But Red Bull’s most recent outings on Sundays have proven this not to be the case. Where Ferrari has ceased moving closer to Mercedes, Red Bull has shown considerable gains and it definitely shows. Verstappen has now been on the second step twice and both times it was in front of a red car and a silver one.

For the record it is exactly what F1 needs right now. It is all fine and well for Ferrari to be at the sharp end of the grid and fighting for wins but one might expect that since Michael Schumacher and Ross Brawn ushered in the Scuderia’s rebirth some time ago. And Mercedes with their vast resources and racing pedigree were always going to become world champions, it was only a question of when. Unlike Japan, for example, racing was woven into the Germany psyche from very early on. No disrespect to Toyota, but Porsche, Audi / Auto Union, BMW, Mercedes, c’mon. The sheer number of racing wins that these four companies have in competition must be staggering, so pardon me when I say I kinda expected Merc to be where they are today.

Red Bull, despite all of their [early] success is not a car company and regardless of their stats really beat all the odds to win so comprehensively a few years back. That being said, no one would now doubt their status as one of the true big teams in F1 today, and that status is usually measured not by the wins you have, but by year in and year out always being at the front of the grid. That status is also defined by being able to catch, stay with, or overtake the other big teams at the front of the grid.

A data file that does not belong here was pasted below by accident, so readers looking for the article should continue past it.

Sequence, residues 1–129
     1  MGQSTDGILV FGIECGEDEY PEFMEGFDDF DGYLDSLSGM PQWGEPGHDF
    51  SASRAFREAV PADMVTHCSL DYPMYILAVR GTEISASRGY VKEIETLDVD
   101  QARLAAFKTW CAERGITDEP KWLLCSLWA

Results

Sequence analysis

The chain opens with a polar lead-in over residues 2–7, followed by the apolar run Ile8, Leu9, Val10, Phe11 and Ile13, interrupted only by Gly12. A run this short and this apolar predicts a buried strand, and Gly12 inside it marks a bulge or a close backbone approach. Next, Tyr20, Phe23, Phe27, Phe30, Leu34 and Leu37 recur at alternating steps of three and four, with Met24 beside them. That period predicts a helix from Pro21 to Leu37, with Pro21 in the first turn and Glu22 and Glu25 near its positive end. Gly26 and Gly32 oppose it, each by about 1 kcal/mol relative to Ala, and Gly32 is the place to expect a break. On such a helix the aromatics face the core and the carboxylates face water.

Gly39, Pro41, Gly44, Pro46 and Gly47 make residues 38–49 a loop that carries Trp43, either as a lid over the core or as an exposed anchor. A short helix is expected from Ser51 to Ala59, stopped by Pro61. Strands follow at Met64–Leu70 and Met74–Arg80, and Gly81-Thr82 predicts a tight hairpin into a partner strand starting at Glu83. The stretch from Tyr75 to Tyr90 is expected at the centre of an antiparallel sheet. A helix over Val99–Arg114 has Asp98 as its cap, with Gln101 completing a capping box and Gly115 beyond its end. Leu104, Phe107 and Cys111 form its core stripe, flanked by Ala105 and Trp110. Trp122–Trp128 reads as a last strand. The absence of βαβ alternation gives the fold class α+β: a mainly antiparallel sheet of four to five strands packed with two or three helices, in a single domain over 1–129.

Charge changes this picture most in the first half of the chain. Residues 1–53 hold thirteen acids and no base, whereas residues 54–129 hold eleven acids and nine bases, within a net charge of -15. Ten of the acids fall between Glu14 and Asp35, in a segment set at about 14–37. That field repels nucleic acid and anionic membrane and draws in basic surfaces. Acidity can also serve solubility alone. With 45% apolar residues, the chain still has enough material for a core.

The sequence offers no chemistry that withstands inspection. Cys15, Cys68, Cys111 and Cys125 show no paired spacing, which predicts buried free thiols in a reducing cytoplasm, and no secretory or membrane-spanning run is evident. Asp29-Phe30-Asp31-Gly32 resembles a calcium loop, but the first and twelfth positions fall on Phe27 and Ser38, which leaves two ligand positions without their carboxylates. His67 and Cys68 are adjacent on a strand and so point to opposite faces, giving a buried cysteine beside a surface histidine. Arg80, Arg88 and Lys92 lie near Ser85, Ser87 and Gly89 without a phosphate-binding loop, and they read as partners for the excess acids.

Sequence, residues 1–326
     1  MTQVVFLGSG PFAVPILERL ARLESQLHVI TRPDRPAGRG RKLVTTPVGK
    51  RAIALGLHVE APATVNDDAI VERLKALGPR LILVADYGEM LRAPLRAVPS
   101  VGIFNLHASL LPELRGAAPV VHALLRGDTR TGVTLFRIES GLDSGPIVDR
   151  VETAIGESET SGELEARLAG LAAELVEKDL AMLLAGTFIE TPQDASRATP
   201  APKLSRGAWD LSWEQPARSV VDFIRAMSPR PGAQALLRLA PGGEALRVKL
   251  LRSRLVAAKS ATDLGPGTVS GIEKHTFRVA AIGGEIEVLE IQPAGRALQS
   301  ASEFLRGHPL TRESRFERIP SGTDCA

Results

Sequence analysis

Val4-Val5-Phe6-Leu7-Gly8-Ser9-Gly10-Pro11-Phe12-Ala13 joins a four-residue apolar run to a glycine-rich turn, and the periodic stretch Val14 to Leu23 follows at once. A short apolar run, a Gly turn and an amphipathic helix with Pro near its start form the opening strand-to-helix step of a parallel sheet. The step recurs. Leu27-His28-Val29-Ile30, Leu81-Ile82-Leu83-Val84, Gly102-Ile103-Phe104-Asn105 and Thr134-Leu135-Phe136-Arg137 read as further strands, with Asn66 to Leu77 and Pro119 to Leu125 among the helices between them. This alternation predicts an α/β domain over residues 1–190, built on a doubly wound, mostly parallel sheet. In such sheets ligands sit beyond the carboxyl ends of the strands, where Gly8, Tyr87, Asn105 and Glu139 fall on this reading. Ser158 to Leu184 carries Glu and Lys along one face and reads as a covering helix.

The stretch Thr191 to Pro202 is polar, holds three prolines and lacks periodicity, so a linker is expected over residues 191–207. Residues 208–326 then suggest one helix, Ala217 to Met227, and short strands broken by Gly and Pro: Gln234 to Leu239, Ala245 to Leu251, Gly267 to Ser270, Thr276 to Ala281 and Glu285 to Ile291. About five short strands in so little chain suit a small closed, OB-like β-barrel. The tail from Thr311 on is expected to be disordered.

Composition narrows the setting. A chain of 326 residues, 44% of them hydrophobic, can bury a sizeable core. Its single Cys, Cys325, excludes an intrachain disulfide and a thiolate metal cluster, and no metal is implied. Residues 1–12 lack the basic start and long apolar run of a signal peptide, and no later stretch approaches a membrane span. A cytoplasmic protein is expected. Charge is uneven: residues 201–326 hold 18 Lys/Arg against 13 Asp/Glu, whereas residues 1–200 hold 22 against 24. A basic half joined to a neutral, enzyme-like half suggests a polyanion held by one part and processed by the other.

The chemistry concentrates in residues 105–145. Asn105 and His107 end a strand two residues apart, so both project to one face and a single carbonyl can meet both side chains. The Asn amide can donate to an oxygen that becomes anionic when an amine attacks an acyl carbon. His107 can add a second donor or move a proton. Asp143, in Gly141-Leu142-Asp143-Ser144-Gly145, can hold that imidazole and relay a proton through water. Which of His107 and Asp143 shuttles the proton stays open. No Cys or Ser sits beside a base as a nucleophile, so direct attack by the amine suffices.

This is exactly what Red Bull has done, and in a mere nine races. If I was in Maranello I would be genuinely concerned that Max or Daniel or both could finish the season in front of Sebastian Vettel and oh won’t that get on Mr. Company Man Marchionne’s every last nerve?

Speaking of nerves, Hungary is this weekend and all eyes will be on whether Rosberg can stop the hemorrhaging of points to Hamilton. However, the story of Ferrari and the rumored crisis that is doing the rounds in the press will also be front and center. Can Ferrari finally collect a win? This track has been kind to them in the last two years: Alonso came second in ’14 and most likely would have won if not for a safety car, and Seb won Hungary last year in a car of arguably less capabilities. Lewis is on a roll, but this has not been a track that has produced great results for Mercedes.

For me, the more compelling story is the one that will be in the background. It is the story about not only the young gun Max Verstappen who is proving the experiment is a success so far, or that Renault has found its feet again (and it must be said they deserve a whole of a lot of credit for what they have achieved this year with reliability and horsepower), it is the story of Red Bull over Ferrari, the energy drinks company taking the fight (again) to the most famous motor sport company in F1.

The story coming out of Hungary on Sunday will be not only “Did Hamilton take the lead in the championship?” but also “Did Red Bull displace Ferrari for second?” That is truly what will be fascinating to watch. It is going to be a real pressure cooker in all three of the garages belonging to Merc, Ferrari and Red Bull and I for one will be relishing every moment, rubbing my hands together and licking my chops…I am sure you will be too!

-j (I can already feel the pressure) p-